“Our families have enough food to eat. We manage our farms and breed poultry to serve both subsistence and commercial purposes. This is what happens when a group of determined women come together to champion their development and help improve the welfare of other women in the Jeoma Falaba community,” boasts 52-year-old Kadiatu Kamara, CEO of the Sanda Women Development Association (SWDA), a farmer-based group in Sierra Leone’s second-largest city of Bo.
The group started as a ‘savings club’ in 2014, providing micro-credits to its members. In 2018, it transformed into an agribusiness enterprise, focusing on poultry, fish farming, vegetable production, and livestock.
The group supports other business initiatives that generate additional income for its core members – more than 50 women – as well as employ other women and young men who help with poultry and vegetable farming. Sanda Women is a beneficiary of a $30,000 grant support from the Smallholder Commercialization and Agribusiness Development Project (SCADeP), a program by the Government of Sierra Leone financed by the World Bank. The program promotes smallholder commercialization by fostering productive business linkages between smallholder farmers and agribusiness firms, and other commodity buyers.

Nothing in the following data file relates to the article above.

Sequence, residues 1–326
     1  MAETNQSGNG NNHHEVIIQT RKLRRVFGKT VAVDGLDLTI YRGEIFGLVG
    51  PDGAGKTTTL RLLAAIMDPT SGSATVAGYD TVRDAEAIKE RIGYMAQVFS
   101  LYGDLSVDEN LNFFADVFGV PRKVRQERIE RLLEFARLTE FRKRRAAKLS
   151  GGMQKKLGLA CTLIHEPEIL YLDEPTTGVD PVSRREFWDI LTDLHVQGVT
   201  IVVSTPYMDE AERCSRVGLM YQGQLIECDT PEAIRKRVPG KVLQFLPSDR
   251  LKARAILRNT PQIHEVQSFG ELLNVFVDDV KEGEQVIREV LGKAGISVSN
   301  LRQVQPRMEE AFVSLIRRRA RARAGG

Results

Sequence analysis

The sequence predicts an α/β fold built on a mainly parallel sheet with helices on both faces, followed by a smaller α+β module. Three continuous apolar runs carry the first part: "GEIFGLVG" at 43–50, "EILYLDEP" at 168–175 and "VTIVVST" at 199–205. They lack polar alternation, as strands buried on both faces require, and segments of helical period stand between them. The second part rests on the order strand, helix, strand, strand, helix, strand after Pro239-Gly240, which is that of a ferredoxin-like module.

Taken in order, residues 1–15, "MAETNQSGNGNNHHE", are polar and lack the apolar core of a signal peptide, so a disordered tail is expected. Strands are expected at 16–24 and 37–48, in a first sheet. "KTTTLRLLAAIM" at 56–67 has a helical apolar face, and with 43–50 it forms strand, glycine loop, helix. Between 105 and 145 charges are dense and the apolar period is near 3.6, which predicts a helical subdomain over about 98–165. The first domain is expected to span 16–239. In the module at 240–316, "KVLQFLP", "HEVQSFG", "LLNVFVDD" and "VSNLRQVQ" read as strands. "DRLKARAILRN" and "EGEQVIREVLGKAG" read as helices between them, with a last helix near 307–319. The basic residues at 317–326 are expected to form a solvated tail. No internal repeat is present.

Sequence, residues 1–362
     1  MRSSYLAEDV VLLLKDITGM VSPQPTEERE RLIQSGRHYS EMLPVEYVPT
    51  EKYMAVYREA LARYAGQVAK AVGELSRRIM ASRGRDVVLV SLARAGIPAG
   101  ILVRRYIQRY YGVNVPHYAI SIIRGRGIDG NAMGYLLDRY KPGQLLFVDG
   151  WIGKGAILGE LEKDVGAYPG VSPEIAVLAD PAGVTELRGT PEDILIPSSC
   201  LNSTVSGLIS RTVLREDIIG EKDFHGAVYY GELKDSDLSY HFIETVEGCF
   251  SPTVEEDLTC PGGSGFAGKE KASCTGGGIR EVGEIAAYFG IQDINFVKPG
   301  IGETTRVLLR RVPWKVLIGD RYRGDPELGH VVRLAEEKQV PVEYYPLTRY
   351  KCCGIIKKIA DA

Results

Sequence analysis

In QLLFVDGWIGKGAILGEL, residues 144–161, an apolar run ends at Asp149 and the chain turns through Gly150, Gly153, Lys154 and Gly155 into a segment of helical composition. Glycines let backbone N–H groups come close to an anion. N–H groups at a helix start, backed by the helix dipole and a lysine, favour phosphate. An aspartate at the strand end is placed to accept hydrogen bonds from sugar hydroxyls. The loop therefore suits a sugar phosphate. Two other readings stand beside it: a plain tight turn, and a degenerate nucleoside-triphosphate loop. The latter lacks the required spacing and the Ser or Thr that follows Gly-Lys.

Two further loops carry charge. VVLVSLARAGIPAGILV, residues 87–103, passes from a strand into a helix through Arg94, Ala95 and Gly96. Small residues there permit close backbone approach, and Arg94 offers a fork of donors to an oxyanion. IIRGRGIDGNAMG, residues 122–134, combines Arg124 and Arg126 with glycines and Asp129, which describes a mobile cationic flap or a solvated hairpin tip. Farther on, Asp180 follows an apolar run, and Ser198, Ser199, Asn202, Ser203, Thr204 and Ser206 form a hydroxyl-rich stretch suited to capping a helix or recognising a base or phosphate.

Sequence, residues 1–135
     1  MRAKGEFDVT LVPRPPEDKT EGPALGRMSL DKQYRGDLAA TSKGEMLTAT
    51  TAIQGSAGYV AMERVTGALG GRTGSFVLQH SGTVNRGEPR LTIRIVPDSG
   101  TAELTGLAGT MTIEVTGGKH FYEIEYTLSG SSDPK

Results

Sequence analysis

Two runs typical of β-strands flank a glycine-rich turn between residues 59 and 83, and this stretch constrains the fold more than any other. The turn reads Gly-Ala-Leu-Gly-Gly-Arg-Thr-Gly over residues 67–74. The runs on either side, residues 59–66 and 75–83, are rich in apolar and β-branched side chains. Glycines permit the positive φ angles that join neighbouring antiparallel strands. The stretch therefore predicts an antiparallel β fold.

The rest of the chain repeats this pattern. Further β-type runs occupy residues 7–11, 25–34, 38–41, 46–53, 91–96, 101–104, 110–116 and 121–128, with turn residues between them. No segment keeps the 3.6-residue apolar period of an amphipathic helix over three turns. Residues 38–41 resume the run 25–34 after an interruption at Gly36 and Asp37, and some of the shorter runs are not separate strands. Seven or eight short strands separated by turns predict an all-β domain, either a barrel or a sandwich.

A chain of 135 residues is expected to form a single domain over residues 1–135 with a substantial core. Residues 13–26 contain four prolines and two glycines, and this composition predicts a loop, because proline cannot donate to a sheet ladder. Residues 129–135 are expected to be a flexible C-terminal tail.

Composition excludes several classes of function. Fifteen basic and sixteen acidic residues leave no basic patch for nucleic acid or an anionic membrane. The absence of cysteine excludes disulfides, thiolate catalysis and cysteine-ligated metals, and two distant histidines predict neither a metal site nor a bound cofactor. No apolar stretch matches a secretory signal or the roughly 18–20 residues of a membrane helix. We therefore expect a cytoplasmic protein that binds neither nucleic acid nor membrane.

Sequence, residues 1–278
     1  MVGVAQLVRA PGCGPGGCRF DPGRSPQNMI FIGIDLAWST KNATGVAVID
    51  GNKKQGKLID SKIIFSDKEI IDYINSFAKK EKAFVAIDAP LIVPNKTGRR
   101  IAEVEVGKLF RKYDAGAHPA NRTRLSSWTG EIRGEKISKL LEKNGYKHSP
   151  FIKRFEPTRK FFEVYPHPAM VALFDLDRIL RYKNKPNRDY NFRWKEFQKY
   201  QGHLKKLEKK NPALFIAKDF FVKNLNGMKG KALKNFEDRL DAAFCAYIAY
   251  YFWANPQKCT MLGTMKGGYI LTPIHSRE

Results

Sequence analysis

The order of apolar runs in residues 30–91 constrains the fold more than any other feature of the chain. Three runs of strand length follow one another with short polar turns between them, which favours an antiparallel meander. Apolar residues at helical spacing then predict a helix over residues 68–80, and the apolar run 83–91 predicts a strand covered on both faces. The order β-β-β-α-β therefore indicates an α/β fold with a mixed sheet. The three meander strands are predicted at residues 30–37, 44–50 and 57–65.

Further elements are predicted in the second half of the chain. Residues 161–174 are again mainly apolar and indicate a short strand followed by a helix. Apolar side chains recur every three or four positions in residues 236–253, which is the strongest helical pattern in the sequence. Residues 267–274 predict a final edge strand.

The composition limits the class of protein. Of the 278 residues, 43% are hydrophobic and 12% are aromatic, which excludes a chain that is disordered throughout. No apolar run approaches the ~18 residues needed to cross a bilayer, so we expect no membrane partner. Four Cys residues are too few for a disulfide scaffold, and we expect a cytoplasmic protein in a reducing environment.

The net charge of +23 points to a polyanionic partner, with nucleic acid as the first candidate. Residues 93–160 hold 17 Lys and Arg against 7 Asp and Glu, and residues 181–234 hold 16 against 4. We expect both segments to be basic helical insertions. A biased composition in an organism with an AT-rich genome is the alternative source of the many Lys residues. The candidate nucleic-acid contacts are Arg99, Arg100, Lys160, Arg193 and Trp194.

Since 2017, 102 groups (55 farmers groups and 47 Micro, Small, and Medium Enterprises - MSMEs) have benefited from small-scale grants that have enhanced incomes, jobs, and agriculture productivity.
“With the hammer mill, labor time to process the animal feed has reduced considerably,” said Kadiatu, pointing to a machine procured through grant funding, which has helped the group to transition from hand-pounding of feed inputs (including oyster shells) with locally-made wooden mortars and pestles. The number of poultry birds has increased from 1,000 before SCADeP’s intervention to 10,000 (8,000 layers and 2,000 broilers). The group’s business operations have transformed, and its productivity scaled up.